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National Library News
October 1999
Vol. 31, no. 10


by Norma Gauld and Mary Bond,
Research and Information Services

The Petit Robert provides a number of definitions for the term "savoir-faire": competence or experience in the exercise of artistic or intellectual activities; the ability to succeed at an undertaking.

SAVOIR FAIRE would seem then to be an excellent name for the very successful series of monthly seminars organized by the National Library of Canada, drawing, as the series does, on the knowledge and enthusiasm of Library researchers and staff of the National Library and highlighting the richness of its collections.

Since September 1996, when the series began, there have been 33 seminars covering subjects as varied as the Library's collections. Researchers have presented topics in Canadian social, military and diplomatic history, the origins of place names, immigration to Canada through Grosse-Île and the history of organizations such as the FLQ (Front de libération du Québec), the research for which required the use of a full range of official publications, newspapers, periodicals, monographs and reference sources. Often material from the Library's collections was on display at the seminars to be eagerly examined by members of the audience.

The challenges of writing literary and historical biography were described by Wendy Scott, Allan Levine and Henny Nixon, biographers of Fred Cogswell, T.L. Harrison and William Carson, respectively. Antonio Lechasseur discussed the writing of biographical articles for the Dictionary of Canadian Biography.

Group Photo Front Row: Denis Robitaille, Henny Nixon, Soeur Rita Lacombe, s.c.o
Back Row: Cheryl Jaffee, Denise Leclerc, Daniel St-Hilaire, Paul Kitchen

Two longtime genealogical researchers at the National Library, Ken McLeod and Donald McKenzie, explored the wealth of information to be found in the Canadian newspapers in the National Library collection. Dr. McKenzie has devoted large amounts of research time to indexing birth, marriage and death notices and obituaries in Methodist newspapers such as the Christian Guardian, making him an expert on their contents, while Ken McLeod's research, both genealogical and archaeological, helped to demonstrate to the audience the unexpected and delightful treasures to be found in newspapers.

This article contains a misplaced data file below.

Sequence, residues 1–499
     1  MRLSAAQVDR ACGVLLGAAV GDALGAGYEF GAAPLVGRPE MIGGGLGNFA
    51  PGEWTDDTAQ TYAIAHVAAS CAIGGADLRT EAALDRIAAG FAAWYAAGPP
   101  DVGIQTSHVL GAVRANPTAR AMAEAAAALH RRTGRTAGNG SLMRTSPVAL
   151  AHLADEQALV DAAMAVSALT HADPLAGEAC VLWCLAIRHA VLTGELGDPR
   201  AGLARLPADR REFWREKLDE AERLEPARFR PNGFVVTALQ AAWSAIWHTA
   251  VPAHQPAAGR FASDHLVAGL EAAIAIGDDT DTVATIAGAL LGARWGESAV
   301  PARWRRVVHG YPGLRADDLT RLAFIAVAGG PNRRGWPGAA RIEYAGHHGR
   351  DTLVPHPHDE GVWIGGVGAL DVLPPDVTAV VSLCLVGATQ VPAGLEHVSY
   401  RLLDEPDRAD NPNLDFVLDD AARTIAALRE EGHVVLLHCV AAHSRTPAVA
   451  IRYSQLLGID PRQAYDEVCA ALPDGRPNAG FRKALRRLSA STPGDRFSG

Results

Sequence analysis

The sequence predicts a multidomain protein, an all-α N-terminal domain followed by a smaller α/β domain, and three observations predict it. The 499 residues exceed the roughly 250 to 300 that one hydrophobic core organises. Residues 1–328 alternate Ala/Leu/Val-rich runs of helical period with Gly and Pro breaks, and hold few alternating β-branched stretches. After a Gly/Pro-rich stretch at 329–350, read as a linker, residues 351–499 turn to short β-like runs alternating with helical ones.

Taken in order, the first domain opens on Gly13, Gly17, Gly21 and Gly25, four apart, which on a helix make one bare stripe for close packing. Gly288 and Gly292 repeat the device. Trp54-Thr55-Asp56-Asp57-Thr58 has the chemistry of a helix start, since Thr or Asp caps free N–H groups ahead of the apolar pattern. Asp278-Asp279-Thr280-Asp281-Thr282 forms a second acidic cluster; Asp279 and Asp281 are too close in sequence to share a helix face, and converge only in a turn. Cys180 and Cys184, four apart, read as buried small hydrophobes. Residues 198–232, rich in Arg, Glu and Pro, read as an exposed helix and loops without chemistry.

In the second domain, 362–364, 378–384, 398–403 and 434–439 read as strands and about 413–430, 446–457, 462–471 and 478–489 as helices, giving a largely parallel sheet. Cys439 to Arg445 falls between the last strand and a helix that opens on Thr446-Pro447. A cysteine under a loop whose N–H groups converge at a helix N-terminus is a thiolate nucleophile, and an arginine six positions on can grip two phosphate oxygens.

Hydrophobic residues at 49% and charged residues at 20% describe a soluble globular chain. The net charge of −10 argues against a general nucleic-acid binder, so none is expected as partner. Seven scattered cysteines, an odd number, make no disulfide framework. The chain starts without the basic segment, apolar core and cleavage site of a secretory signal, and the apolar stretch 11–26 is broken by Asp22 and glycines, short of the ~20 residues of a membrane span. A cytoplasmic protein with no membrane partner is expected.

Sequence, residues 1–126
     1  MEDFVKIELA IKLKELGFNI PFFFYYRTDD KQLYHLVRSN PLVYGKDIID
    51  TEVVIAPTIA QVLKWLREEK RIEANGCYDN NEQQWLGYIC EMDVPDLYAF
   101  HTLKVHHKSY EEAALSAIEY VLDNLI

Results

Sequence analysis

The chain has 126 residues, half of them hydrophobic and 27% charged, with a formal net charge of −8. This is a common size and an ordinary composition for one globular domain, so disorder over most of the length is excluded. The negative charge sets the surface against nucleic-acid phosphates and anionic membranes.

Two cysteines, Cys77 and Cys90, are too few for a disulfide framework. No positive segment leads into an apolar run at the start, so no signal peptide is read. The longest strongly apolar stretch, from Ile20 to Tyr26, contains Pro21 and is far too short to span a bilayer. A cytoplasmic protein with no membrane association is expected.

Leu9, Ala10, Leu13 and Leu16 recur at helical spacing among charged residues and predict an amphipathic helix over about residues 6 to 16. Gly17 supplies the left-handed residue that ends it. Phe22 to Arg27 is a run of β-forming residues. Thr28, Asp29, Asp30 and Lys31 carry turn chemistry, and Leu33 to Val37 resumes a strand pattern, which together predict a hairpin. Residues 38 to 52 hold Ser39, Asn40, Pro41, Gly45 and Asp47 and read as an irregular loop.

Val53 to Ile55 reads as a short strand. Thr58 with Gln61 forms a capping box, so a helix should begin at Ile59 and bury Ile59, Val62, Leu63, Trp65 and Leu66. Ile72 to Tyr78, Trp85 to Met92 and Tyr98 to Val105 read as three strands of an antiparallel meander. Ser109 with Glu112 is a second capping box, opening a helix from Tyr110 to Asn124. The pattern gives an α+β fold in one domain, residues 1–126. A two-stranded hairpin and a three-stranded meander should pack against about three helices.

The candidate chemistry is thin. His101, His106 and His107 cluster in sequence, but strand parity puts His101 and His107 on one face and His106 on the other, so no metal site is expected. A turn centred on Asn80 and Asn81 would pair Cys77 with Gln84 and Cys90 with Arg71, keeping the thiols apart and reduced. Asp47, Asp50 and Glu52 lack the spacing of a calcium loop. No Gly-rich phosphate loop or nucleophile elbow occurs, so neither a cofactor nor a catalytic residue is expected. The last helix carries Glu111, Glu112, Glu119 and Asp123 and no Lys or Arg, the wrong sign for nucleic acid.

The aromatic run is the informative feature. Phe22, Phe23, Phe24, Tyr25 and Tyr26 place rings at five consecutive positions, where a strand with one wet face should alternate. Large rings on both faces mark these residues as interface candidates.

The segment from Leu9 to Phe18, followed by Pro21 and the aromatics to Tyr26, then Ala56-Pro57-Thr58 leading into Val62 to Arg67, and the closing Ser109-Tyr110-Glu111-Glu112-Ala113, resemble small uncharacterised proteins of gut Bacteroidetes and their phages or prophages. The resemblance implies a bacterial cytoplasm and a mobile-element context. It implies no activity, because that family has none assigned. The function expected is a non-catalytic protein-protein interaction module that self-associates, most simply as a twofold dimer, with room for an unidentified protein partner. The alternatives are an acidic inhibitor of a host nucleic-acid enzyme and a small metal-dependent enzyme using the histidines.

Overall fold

Illustrated lectures on art and architecture have been a highlight of each SAVOIR FAIRE season. Lectures on the picturesque in 18th-century British art, the treasures of Canada's parliamentary precinct, the Refus global, the architecture of Canada's embassies, and the history and art of Japanese gardens and bonsai were variously illustrated with slides and works of art. The Japanese garden seminar was timed to coincide with a large exhibition on the history of Canadian gardening mounted by the National Library. The May 1999 seminar was held at the Mother House of the Soeurs de la Charité d'Ottawa (the first off-site seminar since SAVOIR FAIRE's inception), affording the audience a richer understanding of the life and letters of Élisabeth Bruyère and a delightful opportunity to tour parts of the convent and the museum of the Soeurs.

Group Photo Front Row: Mary Bond, Claire Bourassa, Rosalie Smith-McCrea
Back Row: Michael McLoughlin, Boris Stipernitz, Michel Brisebois, Robert MacMillan

Seven seminars to date have been given by National Library staff members. Several focused on Library publications which provide improved access to or highlight important collections held by the Library: Great Britain Official Publications: Collection Guide; UNESCO Publications: Collection Guide; Read Up On It; and Canadian Reference Sources: An Annotated Bibliography. The Read Up On It seminar formed part of the celebration of the 10th anniversary of this successful publication which promotes children's literature and reading in Canada. The expertise of the National Library's staff, as well as the depth of its collections, have been evident in the seminars. Elaine Hoag, for example, spoke about rare and little-known examples of 19th-century Arctic shipboard printing, and Timothy Maloney and Gilles St. Laurent described the virtual Glenn Gould archive.

As the series has evolved and its promotion improved over the three years of its existence, the audience at the SAVOIR FAIRE seminars has grown from a regular batch of Library researchers and staff to a more varied group, including staff of the National Archives, and members of the general public interested in the topic of a particular seminar. On-site posters, information on the Library's Web site and in its Public Programs brochure as well as media coverage about several of the seminar presenters have helped to increase its visibility.

The series has also been successful in fostering increased interaction between researchers and staff. Certainly for staff of the Reference and Information Services Division, which coordinates the series, the seminars have provided an excellent opportunity to learn more about the fascinating research in which clients are involved and for which staff provide research assistance.

This month, SAVOIR FAIRE begins its fourth season, one which we are convinced will be as interesting and varied as in previous years. Please join us!

Most SAVOIR FAIRE seminars are held at the National Library of Canada, Room 156, 395 Wellington St., on the third Tuesday of each month between 3:00 p.m. and 4:30 p.m., with coffee being served at 2:30 p.m. The 1999-2000 SAVOIR FAIRE schedule is now available on the National Library Web site at <http://www.collectionscanada.ca>.